The UK Health Security Agency (UKHSA) has recently detected higher than usual rates of hepatitis in children. Similar cases are being assessed in Scotland.
Public health doctors and scientists at the UK’s public health agencies are continuing to investigate 74 cases of hepatitis (liver inflammation) in children since January 2022, where the usual viruses that cause infectious hepatitis (hepatitis A to E) have not been detected.
Of the confirmed cases, 49 are in England, 13 are in Scotland and the remainder are in Wales and Northern Ireland.
One of a number of potential causes under investigation is that a group of viruses called adenoviruses may be causing the illnesses. However, other possible causes are also being actively investigated, including COVID-19, other infections or environmental causes.
There is no link to the COVID-19 vaccine. None of the currently confirmed cases in the UK has been vaccinated.
The most effective way to minimise the spread of adenoviruses is to practice good hand and respiratory hygiene and supervise thorough handwashing in younger children.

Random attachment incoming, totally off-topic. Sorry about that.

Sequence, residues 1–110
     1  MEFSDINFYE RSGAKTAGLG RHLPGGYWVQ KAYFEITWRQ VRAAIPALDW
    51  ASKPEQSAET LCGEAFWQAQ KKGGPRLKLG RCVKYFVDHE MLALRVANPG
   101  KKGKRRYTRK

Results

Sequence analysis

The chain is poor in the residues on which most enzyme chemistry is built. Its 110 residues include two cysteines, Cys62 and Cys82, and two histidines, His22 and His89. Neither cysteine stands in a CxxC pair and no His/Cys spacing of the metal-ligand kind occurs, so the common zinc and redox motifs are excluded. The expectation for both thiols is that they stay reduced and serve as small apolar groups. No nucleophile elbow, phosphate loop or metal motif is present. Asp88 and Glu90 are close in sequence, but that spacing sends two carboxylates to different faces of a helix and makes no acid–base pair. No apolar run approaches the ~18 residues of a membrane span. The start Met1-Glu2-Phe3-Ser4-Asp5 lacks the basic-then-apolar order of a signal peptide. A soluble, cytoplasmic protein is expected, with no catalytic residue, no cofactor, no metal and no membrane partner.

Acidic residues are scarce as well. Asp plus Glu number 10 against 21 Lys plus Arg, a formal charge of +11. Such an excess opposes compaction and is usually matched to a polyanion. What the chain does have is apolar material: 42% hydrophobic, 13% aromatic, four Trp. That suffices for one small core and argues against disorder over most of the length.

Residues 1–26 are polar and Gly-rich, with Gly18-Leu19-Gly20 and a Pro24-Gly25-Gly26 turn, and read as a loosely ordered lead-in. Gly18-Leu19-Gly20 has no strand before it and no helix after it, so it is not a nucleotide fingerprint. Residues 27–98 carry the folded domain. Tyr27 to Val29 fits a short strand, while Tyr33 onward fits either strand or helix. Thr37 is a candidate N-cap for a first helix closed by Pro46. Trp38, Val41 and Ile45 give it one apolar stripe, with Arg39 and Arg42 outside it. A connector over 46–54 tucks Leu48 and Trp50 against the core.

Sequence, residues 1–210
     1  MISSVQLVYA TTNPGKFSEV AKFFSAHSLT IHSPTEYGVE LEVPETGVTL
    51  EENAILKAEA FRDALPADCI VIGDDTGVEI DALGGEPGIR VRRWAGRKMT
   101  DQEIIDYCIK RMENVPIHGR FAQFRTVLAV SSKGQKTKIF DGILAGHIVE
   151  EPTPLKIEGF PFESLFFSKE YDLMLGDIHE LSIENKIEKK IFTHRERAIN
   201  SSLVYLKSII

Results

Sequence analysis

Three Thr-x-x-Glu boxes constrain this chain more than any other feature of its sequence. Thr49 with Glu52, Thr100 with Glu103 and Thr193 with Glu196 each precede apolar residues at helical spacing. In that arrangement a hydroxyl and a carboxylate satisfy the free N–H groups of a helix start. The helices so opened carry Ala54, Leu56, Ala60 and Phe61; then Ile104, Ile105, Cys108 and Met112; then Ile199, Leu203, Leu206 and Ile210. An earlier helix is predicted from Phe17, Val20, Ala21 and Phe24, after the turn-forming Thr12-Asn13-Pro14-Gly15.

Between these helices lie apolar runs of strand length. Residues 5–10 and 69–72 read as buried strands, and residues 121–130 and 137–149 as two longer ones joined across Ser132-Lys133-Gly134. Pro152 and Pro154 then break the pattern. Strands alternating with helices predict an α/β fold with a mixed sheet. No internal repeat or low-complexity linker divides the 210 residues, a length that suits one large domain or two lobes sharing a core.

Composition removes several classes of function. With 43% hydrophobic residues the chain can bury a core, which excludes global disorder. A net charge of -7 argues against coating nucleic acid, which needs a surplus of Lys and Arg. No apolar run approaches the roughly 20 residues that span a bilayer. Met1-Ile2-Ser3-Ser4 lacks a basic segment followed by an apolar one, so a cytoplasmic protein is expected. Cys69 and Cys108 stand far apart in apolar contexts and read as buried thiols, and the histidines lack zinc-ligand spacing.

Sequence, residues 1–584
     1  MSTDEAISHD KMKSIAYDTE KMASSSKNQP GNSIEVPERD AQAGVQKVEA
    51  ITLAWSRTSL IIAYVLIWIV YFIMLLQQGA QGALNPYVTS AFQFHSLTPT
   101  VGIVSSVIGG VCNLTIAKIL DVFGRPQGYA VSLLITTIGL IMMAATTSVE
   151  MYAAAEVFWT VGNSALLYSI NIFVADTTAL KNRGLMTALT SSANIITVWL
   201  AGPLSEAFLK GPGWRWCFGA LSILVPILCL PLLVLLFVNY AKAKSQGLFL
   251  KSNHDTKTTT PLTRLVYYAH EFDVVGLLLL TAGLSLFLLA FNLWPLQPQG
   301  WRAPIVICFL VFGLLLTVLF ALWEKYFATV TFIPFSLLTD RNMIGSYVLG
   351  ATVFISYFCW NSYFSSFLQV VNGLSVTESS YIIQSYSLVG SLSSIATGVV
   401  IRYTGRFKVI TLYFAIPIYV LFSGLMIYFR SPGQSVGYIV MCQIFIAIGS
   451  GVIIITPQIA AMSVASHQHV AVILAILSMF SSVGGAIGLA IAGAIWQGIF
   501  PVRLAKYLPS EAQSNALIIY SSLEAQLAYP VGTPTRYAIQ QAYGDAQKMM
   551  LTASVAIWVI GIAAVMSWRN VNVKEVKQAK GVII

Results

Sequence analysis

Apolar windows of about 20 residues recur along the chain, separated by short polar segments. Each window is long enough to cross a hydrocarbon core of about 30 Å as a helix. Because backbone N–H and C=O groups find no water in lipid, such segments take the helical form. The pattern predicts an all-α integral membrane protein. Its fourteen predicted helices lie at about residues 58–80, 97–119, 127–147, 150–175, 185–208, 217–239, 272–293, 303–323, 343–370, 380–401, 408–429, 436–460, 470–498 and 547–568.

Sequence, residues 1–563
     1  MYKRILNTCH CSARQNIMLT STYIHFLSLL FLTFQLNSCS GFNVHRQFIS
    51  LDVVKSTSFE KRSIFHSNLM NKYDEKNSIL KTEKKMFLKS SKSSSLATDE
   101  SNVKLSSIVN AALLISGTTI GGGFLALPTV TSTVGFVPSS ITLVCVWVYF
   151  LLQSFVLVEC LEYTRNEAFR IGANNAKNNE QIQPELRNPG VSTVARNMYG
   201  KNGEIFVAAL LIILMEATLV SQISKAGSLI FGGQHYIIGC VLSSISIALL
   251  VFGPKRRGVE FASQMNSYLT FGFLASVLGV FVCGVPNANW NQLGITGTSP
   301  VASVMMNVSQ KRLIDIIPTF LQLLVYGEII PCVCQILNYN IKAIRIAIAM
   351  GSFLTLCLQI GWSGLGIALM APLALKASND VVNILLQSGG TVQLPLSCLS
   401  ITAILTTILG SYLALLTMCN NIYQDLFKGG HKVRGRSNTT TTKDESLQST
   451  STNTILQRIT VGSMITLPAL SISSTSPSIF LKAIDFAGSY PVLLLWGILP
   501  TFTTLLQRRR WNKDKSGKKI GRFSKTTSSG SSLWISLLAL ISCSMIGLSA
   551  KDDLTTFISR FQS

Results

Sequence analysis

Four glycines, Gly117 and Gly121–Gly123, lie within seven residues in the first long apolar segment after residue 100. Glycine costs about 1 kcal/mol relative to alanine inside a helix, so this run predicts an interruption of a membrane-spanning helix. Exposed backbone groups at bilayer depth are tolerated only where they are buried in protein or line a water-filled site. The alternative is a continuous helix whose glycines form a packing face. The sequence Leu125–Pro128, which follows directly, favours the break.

Dr Meera Chand, Director of Clinical and Emerging Infections at UKHSA, said:
“We are working swiftly with the NHS and public health colleagues in Scotland, Wales and Northern Ireland to investigate a wide range of possible factors which may be causing children to be admitted to hospital with liver inflammation known as hepatitis.
“One of the possible causes that we are investigating is that this is linked to adenovirus infection. However, we are thoroughly investigating other potential causes.
“Normal hygiene measures such as good handwashing – including supervising children – and respiratory hygiene, help to reduce the spread of many of the infections that we are investigating.
“We are also calling on parents and guardians, to be alert to the signs of hepatitis – including jaundice – and to contact a healthcare professional if they are concerned.
“UKHSA, working with partners, will continue to make the public aware of findings throughout the course of the investigation.”
Elements of this story have been shared under the Open Government license.